Authorities Arrest Chicago Pharmacist For Selling Vaccine Cards. He Could Face Decades In Prison

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Ailan Evans Tech Reporter
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A Chicago pharmacist was arrested Tuesday for allegedly selling COVID-19 vaccination cards online.

Federal agents arrested pharmacist Tangtang Zhao on Tuesday, alleging he sold 125 authentic Centers for Disease Control and Prevention (CDC) vaccination cards on eBay, the Department of Justice (DOJ) announced. Zhao sold the cards to 11 different buyers for around $10 a card, according to the DOJ.

“Knowingly selling COVID vaccination cards to unvaccinated individuals puts millions of Americans at risk of serious injury or death,” FBI special agent Emmerson Buie Jr. said in the announcement. “To put such a small price on the safety of our nation is not only an insult to those who are doing their part in the fight to stop COVID-19, but a federal crime with serious consequences.”

Zhao was indicted on 12 counts of theft of government property. Zhao allegedly stole the cards from his workplace, a pharmacy which administered COVID-19 vaccines.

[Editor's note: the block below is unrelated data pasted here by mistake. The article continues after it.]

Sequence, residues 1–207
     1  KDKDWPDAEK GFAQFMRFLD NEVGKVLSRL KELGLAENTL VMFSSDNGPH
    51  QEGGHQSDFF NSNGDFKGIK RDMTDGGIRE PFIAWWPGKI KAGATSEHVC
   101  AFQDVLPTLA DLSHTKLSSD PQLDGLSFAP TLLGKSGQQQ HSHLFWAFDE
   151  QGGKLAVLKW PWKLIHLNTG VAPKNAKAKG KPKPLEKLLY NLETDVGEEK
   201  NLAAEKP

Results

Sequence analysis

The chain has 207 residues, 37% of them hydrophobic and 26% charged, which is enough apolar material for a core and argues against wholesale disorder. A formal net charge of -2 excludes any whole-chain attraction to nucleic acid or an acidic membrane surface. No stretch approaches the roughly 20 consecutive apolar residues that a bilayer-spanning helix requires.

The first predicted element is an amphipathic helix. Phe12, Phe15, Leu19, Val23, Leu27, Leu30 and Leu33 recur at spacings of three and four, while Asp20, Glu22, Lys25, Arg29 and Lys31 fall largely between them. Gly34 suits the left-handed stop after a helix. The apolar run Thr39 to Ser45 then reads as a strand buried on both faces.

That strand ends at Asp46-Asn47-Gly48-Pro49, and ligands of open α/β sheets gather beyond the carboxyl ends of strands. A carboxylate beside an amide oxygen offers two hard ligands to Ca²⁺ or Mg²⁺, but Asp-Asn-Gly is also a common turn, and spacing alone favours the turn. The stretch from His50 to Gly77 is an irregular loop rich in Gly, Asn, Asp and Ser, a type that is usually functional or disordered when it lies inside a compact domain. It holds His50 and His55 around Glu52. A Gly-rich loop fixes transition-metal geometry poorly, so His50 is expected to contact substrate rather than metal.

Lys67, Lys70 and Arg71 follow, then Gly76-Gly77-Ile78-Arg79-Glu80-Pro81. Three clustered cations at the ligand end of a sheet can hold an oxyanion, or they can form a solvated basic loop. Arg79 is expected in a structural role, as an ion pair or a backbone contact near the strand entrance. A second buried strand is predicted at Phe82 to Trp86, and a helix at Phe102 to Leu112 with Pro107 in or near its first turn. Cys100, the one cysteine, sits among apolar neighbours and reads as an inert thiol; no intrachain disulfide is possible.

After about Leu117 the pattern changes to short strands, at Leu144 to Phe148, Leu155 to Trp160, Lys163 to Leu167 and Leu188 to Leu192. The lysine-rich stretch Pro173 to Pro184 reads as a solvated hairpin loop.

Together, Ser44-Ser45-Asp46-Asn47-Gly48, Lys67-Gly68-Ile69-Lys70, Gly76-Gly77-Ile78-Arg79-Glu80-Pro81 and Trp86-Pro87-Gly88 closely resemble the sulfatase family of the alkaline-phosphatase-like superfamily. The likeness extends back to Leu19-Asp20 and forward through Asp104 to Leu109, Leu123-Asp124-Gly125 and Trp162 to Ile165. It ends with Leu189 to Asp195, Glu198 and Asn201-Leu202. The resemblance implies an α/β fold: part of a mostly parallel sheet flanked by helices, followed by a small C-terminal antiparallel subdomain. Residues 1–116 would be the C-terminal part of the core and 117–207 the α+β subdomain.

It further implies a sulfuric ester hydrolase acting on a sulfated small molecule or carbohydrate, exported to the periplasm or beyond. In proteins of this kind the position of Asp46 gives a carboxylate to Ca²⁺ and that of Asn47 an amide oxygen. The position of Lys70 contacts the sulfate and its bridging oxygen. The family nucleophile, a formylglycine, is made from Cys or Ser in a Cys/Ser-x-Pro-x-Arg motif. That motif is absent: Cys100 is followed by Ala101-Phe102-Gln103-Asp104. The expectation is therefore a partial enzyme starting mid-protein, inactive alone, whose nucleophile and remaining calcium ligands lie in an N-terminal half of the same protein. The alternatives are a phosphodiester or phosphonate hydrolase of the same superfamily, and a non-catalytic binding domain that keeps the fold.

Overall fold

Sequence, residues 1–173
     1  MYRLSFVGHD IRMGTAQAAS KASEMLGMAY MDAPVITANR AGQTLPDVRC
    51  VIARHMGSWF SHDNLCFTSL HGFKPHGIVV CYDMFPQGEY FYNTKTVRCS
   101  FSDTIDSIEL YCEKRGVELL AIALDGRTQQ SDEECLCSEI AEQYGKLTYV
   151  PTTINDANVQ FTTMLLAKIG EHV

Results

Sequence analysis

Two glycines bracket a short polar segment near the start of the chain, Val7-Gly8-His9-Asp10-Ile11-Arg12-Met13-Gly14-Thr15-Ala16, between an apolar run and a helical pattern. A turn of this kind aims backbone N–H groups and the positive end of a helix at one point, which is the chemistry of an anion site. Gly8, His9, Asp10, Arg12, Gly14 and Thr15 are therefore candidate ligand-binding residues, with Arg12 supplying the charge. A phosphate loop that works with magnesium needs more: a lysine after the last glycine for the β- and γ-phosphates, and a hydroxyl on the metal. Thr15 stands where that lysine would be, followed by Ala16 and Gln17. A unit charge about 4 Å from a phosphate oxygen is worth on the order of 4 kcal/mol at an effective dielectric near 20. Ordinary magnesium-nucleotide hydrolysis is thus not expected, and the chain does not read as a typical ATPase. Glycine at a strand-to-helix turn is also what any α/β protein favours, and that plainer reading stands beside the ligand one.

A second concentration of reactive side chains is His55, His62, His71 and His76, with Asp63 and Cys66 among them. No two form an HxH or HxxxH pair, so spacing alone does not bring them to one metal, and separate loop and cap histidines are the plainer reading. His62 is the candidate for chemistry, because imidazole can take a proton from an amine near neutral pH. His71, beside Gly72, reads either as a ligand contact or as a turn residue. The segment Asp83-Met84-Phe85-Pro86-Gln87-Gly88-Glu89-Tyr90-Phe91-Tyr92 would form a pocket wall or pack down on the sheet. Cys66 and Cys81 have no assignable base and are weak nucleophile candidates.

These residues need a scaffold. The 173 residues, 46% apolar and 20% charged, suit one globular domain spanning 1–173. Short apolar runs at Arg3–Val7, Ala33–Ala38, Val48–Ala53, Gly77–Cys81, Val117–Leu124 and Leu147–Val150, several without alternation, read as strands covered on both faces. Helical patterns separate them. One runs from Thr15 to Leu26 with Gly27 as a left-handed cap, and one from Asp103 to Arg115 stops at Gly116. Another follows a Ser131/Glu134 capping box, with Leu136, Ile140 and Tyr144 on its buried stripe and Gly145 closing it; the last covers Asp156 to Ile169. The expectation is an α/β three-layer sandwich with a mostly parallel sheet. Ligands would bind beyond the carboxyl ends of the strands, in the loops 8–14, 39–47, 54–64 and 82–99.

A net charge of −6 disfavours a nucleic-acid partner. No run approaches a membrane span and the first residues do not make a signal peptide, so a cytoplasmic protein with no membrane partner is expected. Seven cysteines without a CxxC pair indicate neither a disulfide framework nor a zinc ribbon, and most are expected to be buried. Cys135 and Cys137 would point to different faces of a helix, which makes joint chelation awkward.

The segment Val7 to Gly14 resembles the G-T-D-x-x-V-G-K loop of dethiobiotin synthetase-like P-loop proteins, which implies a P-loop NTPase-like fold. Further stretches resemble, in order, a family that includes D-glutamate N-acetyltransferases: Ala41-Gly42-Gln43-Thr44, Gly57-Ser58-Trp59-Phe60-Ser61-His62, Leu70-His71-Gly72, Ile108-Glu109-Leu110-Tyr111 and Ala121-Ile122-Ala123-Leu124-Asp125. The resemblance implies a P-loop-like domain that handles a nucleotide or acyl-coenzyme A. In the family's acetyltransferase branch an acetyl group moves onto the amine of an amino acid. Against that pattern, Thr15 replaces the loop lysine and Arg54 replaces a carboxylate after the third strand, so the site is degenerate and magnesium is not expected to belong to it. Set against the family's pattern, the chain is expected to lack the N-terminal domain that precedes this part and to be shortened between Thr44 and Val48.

Zhao made his first appearance in court Tuesday, and faces up to 10 years in federal prison per count, according to the DOJ.

A healthcare worker displays a Covid-19 Vaccination Record Card. (Photo by ROBYN BECK/AFP via Getty Images)

A healthcare worker displays a Covid-19 Vaccination Record Card. (Photo by ROBYN BECK/AFP via Getty Images)

“Stealing and selling COVID-19 vaccination cards is inexcusable and will not be tolerated,” Lamont Pugh, special agent of the U.S. Department of Health & Human Services (HHS), said in the announcement. “Fraudsters who engage in such unlawful conduct undermine efforts to address the pandemic and profit at the public’s expense.” (RELATED: Scammers Using Fake COVID-19 Vaccine Websites, ICE Warns)

The FBI issued warnings in April against making or selling fake CDC vaccination cards, saying those who create or purchase the forgeries could face up to five years in prison. Counterfeit vaccination cards have been found on Amazon, Etsy, and other online marketplaces.

The Department of Justice did not immediately respond to the Daily Caller News Foundation’s request for additional comment.

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